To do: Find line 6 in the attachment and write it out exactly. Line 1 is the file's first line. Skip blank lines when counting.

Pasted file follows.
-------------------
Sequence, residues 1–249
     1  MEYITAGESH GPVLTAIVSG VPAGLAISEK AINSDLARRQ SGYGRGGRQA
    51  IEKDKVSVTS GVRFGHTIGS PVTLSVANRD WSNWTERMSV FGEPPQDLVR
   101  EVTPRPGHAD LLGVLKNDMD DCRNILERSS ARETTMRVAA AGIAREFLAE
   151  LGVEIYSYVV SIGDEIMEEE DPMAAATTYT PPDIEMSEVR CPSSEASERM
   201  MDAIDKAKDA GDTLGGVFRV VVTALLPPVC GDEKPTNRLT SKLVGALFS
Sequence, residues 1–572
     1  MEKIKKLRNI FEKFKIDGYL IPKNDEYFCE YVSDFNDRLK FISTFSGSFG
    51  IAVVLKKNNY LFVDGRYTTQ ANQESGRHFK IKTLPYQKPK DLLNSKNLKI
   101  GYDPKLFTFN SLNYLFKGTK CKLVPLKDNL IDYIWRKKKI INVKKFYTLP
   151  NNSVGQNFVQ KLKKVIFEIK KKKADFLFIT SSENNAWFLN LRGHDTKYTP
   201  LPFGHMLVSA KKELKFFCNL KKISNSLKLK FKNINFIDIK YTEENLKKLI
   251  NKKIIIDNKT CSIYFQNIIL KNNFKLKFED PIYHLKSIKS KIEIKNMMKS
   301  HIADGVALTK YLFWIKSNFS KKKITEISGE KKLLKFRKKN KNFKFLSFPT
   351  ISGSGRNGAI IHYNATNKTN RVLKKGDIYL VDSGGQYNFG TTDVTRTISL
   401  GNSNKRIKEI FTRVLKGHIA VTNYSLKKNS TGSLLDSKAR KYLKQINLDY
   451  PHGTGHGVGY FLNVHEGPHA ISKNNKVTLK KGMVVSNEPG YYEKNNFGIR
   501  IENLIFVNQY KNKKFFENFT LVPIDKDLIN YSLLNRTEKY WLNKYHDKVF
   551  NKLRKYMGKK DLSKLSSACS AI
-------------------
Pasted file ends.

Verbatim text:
   201  MDAIDKAKDA GDTLGGVFRV VVTALLPPVC GDEKPTNRLT SKLVGALFS